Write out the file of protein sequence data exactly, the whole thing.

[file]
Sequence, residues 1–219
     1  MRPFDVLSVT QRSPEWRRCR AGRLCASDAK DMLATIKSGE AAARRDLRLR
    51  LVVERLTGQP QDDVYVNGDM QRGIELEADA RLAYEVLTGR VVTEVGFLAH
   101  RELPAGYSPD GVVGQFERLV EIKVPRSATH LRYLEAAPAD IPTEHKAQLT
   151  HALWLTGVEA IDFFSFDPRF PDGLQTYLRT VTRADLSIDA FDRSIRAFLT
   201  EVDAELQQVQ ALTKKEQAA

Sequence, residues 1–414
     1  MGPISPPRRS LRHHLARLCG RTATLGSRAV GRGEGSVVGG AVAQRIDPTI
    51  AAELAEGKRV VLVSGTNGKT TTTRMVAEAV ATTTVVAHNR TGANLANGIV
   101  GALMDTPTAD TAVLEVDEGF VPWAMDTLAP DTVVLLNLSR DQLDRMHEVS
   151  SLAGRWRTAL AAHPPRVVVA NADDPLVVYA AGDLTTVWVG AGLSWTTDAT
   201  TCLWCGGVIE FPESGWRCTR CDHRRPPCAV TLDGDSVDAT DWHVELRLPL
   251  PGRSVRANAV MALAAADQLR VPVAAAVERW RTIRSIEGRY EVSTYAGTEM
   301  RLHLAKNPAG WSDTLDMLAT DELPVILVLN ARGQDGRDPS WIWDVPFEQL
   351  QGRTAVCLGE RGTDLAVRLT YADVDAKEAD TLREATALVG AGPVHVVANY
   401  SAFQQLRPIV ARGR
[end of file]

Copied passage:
Sequence, residues 1–219
     1  MRPFDVLSVT QRSPEWRRCR AGRLCASDAK DMLATIKSGE AAARRDLRLR
    51  LVVERLTGQP QDDVYVNGDM QRGIELEADA RLAYEVLTGR VVTEVGFLAH
   101  RELPAGYSPD GVVGQFERLV EIKVPRSATH LRYLEAAPAD IPTEHKAQLT
   151  HALWLTGVEA IDFFSFDPRF PDGLQTYLRT VTRADLSIDA FDRSIRAFLT
   201  EVDAELQQVQ ALTKKEQAA

Sequence, residues 1–414
     1  MGPISPPRRS LRHHLARLCG RTATLGSRAV GRGEGSVVGG AVAQRIDPTI
    51  AAELAEGKRV VLVSGTNGKT TTTRMVAEAV ATTTVVAHNR TGANLANGIV
   101  GALMDTPTAD TAVLEVDEGF VPWAMDTLAP DTVVLLNLSR DQLDRMHEVS
   151  SLAGRWRTAL AAHPPRVVVA NADDPLVVYA AGDLTTVWVG AGLSWTTDAT
   201  TCLWCGGVIE FPESGWRCTR CDHRRPPCAV TLDGDSVDAT DWHVELRLPL
   251  PGRSVRANAV MALAAADQLR VPVAAAVERW RTIRSIEGRY EVSTYAGTEM
   301  RLHLAKNPAG WSDTLDMLAT DELPVILVLN ARGQDGRDPS WIWDVPFEQL
   351  QGRTAVCLGE RGTDLAVRLT YADVDAKEAD TLREATALVG AGPVHVVANY
   401  SAFQQLRPIV ARGR